1. Genetically Engineered Mosquitoes
Photo: RIA Novosti
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Thanks to $70 million in support from the Bill and Melinda Gates Foundation, three research teams under Project Malaria have gained permission from Burkina Faso’s government to release up to 10,000 genetically engineered mosquitoes in the coming year. This is the first time any genetically modified animal would be released into the wild in Africa. These genetically engineered mosquitoes would have a “sterile male” mutation, preventing all males from producing offspring. In 2016 alone, nearly 216 million people were infected with malaria, and almost 720,000 people were killed by the parasite (nearly 90 percent of whom were in sub-Saharan Africa). This program further emphasizes the importance of education in science, and hopefully spurs additional support for enhancing the STEM curriculum in schools around the world.
2. Volvo Introduces Vera, the Future of Autonomous Vehicles
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Photo: Courtesy Volvo Trucks
Volvo Trucks in Sweden has unveiled the latest advance in driverless trucking. With the increase in ecommerce from Amazon and Alibaba, there is an increasing shortage of truck drivers. As a solution to the problem, Volvo introduces Vera, an autonomous, electric vehicle that can operate with significantly less exhaust emissions and low noise levels. Vera is controlled and monitored through a cloud-based system, and has the potential to make transportation safer, cleaner and more efficient. To watch a video of Vera, go to Youtube: https://youtu.be/2Gc1zz5bl8I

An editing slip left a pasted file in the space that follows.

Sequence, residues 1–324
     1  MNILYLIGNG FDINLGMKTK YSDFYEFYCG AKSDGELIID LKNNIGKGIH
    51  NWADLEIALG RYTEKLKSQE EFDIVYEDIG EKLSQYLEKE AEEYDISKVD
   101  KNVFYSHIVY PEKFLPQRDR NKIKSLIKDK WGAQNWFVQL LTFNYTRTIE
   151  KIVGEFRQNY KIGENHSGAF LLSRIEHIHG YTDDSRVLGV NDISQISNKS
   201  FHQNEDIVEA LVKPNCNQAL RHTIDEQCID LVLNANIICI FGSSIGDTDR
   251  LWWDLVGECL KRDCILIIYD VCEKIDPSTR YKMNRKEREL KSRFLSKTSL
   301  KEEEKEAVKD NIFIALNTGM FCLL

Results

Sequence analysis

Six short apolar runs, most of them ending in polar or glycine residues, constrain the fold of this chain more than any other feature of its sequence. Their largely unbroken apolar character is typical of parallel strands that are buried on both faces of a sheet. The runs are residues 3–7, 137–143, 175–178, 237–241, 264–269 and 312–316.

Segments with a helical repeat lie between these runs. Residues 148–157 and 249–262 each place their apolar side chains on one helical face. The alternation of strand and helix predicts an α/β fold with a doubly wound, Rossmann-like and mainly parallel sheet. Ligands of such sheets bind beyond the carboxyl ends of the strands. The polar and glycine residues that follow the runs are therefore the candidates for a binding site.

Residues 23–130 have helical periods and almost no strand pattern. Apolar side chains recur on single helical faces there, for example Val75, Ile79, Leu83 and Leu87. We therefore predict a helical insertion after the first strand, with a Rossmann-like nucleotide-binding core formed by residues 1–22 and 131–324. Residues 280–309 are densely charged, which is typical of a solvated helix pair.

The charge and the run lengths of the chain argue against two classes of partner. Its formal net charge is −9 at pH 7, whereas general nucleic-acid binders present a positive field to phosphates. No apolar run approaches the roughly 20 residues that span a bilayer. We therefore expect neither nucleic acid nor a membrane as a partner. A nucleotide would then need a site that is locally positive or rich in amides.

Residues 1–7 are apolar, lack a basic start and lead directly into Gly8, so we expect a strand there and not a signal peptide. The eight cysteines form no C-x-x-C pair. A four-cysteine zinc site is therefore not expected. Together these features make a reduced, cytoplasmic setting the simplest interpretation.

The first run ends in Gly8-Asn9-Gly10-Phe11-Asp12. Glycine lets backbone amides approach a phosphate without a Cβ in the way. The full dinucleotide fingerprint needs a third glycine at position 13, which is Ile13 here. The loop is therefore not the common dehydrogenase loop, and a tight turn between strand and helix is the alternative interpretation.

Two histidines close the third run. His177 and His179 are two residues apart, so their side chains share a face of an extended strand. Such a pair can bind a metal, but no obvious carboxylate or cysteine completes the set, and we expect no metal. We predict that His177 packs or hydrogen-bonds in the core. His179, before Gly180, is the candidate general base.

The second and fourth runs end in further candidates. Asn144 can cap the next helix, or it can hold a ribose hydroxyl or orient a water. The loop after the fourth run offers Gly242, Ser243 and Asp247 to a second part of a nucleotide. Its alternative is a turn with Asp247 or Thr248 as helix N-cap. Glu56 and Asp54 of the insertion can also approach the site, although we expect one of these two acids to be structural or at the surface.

In front of 78,000 fans in Moscow this summer, France delivered a 4-2 victory over Croatia to win the 2018 FIFA World Cup. Without a doubt, the World Cup has become the most widely viewed sport on the planet and generated a record $6.1 billion dollars. With a current global television audience of 3.4 billion people, Chinese President Xi Jinping recognized the importance of the event back in 2015 and made soccer a national priority. Though China and the United States didn’t qualify this time, we can expect to see even bigger numbers in the future when they do.